associate provost there from 1990 to 1995. Also at Oregon State, Dunn was assistant dean of Health and Human Performance from 1987 to 1990, chair of the Department of Exercise and Sport Science from 1980 to 1987, and director of the university’s Special Physical and Motor Fitness Clinic. Internationally known for his research and writing about the long-term health of individuals with disabilities, Dunn is the author of more than 50 professional papers and book chapters. He is a past president of the Research Consortium of the American Alliance for Health Physical Education, Recreation and Dance; past editor of Quest, a professional publication for kinesiology scholars; and president-elect of the American Academy of Kinesiology and Physical Education. Dunn, who began his teaching at the University of Connecticut in 1972, earned bachelor’s and master’s degrees from Northern Illinois University in 1967 and 1969, respectively. He earned his doctoral degree in physical education from Brigham Young University in 1972. Dunn and his wife, Linda, are the parents of three adult children who live around the nation. WMU’s search for a new president was led by University Trustee Ken Miller, who served as chair of a 14-member presidential search advisory committee made up of faculty, staff and students from across the University. It also included representation from the University’s alumni base and the local community.
University community pens book of heartfelt messages for Virginia Tech A book of condolences bearing the messages of some 700 members of the WMU community was delivered to the Virginia Tech campus community in late April, just days after the April 16 shooting on that campus. For three days following the tragedy, students, faculty, staff, alumni and area residents filed into the Bernhard Center to share sentiments of support and convey their sympathy over the loss of life at the Virginia campus. The signed pages were then bound into a book and sent by WMU Interim President Diether Haenicke to Dr. Charles W. Steger, president of Virginia Tech.
Advertising team builds Cadillac campaign for national competition finals A team of advertising students from the University’s Department of Marketing came in second in the 2007 EdVenture Partners Cadillac National Case Study Competition. The four-person team from WMU’s advertising and promotion program was one of two selected as finalists from among 53 teams from universities across the country that competed. After making the cut and being named a finalist, the WMU team traveled to Detroit in May to present its case study to top executives from Cadillac and Modernista, Cadillac’s advertising agency. The other finalist and eventual winner was a team from Iowa’s Morningside College. The assignment for the competition was to attract a younger demographic of auto buyers and improve the image and reputation of the Cadillac division. The WMU team developed a fully integrated marketing and communications plan for the Cadillac CTS brand.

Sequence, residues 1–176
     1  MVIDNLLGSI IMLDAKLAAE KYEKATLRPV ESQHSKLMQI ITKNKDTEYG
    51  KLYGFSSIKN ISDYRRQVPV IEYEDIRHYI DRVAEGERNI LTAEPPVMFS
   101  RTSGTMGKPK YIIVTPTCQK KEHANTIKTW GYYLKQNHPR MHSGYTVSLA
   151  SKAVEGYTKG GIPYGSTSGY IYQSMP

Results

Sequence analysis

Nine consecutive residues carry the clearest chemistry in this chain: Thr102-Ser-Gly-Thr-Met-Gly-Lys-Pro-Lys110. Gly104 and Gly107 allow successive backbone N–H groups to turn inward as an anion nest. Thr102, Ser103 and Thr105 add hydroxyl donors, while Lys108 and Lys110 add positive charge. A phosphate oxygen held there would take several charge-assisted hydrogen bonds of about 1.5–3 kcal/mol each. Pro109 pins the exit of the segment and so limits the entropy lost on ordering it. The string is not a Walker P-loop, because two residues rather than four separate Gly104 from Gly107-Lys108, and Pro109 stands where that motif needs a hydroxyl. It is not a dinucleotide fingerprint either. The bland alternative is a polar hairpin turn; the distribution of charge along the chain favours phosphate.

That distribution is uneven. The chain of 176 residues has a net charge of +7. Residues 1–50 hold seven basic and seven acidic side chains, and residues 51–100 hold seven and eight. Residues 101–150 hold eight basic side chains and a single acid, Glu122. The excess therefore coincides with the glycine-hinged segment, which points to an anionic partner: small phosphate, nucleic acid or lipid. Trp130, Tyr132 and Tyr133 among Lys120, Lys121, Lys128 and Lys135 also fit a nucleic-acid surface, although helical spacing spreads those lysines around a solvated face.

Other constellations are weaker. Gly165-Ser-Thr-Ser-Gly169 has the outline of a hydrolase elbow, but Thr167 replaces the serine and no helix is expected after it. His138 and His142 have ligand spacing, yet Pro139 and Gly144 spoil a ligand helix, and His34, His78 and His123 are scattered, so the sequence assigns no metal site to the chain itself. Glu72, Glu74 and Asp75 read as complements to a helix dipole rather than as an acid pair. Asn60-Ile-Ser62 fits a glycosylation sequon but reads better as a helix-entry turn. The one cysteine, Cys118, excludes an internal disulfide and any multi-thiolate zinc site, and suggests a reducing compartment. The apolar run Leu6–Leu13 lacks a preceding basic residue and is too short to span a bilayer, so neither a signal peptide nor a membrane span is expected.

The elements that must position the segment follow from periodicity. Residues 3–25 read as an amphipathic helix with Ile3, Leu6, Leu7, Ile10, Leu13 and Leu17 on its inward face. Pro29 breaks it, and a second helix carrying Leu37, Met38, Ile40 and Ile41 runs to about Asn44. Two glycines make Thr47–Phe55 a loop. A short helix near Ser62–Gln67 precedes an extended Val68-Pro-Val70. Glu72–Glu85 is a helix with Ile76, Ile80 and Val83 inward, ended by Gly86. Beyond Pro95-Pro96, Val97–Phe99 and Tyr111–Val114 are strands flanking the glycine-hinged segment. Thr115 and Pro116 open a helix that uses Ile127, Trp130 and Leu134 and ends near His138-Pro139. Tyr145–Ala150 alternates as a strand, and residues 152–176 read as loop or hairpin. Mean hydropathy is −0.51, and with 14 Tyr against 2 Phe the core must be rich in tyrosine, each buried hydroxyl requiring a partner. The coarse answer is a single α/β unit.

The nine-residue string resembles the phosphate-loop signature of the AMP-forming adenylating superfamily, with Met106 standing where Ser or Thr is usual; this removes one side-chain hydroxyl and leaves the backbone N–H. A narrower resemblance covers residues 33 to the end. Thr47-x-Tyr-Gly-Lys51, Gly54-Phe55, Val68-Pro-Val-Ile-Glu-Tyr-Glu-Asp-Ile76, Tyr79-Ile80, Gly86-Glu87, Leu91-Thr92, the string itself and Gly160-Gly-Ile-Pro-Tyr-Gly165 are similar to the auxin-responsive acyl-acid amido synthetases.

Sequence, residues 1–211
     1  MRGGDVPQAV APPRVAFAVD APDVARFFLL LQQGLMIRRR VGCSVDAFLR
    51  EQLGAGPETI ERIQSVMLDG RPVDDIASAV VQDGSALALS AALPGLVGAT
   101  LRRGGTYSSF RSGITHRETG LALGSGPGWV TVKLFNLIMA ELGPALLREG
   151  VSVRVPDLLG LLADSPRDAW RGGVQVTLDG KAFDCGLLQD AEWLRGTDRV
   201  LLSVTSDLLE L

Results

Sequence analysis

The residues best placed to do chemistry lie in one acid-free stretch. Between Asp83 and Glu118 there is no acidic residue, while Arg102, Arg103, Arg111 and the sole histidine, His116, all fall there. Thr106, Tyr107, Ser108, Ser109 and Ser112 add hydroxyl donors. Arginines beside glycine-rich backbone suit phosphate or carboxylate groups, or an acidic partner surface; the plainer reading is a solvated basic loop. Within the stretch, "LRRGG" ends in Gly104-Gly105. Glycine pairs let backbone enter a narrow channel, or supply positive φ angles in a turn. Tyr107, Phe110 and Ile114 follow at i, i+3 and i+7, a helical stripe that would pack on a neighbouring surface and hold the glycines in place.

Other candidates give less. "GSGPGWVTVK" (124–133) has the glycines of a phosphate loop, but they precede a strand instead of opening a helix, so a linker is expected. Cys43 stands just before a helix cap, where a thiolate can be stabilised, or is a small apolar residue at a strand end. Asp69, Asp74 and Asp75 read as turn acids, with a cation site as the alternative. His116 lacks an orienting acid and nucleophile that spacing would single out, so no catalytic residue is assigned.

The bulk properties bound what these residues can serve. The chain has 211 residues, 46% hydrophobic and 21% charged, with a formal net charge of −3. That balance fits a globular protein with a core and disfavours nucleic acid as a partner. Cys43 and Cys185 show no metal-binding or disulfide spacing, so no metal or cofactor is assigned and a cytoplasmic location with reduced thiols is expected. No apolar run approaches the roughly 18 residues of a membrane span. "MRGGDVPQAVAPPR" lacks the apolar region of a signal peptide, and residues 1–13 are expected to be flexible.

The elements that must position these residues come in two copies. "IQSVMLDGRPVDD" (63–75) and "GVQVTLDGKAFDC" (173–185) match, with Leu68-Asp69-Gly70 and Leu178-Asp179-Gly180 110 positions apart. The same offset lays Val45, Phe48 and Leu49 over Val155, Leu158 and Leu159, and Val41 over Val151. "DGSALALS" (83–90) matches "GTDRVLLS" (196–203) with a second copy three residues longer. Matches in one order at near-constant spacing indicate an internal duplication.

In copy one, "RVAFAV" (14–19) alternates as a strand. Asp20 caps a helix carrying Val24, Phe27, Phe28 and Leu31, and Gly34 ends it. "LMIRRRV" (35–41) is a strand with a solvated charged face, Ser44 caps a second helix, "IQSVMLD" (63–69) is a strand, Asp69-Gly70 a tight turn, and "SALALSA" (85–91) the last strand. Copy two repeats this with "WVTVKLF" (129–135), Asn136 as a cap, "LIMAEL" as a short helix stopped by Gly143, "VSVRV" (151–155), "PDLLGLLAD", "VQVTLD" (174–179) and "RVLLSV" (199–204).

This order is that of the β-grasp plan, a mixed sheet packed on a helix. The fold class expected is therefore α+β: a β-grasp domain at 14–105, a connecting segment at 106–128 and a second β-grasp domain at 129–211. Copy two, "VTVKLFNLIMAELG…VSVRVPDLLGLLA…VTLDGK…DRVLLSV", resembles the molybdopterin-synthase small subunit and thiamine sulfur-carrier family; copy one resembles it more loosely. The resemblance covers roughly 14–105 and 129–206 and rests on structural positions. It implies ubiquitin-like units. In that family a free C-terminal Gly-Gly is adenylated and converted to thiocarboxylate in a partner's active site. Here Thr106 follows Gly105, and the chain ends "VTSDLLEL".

Advertising team, left to right: Jovanovic, Bailey, Ojczyk and Gera
April graduate wins Fulbright for study in Japan Graduate Kendra Combs of Muskegon, Mich., was awarded the prestigious Fulbright Fellowship worth $36,000 to conduct a year of research in Japan on special education policies and pedagogy. Combs graduated April 28, earning a bachelor’s degree with highest honors. She was a psychology major with a minor in Japanese and a member of WMU’s Lee Honors College. She will begin her research project in September at a destination in Japan to be determined by the Fulbright organization. Sen. J. William Fulbright of Arkansas proposed the Fulbright Program, the U.S. government’s flagship program in international educational exchange, to the U.S. Congress in 1945. In the aftermath of World War II, Fulbright viewed the proposed program as a much-needed vehicle for promoting “mutual understanding between the people of the United States and the people of other countries of the world.” Congress approved his vision and the program was signed into law by President Truman in 1946.
Members of WMU’s team were Laura Gera of Elk Grove, Ill.; Shannon Bailey of Waterford, Mich.; Janice Ojczyk of Fort Gratiot, Mich.; and Michelle Jovanovic of Calumet City, Ill. All four are senior advertising and promotion majors. The team’s faculty advisor was Dr. JoAnnn Atkin, WMU assistant professor of marketing. WMU has participated in the EdVenture Partners Cadillac National Case Study Competition for the past four years, placing in the top 10 nationally each year. Atkin uses the competition as the captsone project for advertising and promotion majors enrolled in her upper-level marketing class, Integrated Marketing Communications Campaigns. “What the students do for this project is what they will actually do for a real client when they enter the advertising and promotion industry,” Atkin says. “The experience of developing a campaign from start to finish and then presenting those ideas to industry professionals is invaluable.” Other teams that participated in the opening rounds of the competition this year were from California State-Fresno, Fullerton and Sacramento universities; Drexel University; and Gonzaga, Johns Hopkins, Penn State, Purdue, San Jose State and Tulane universities.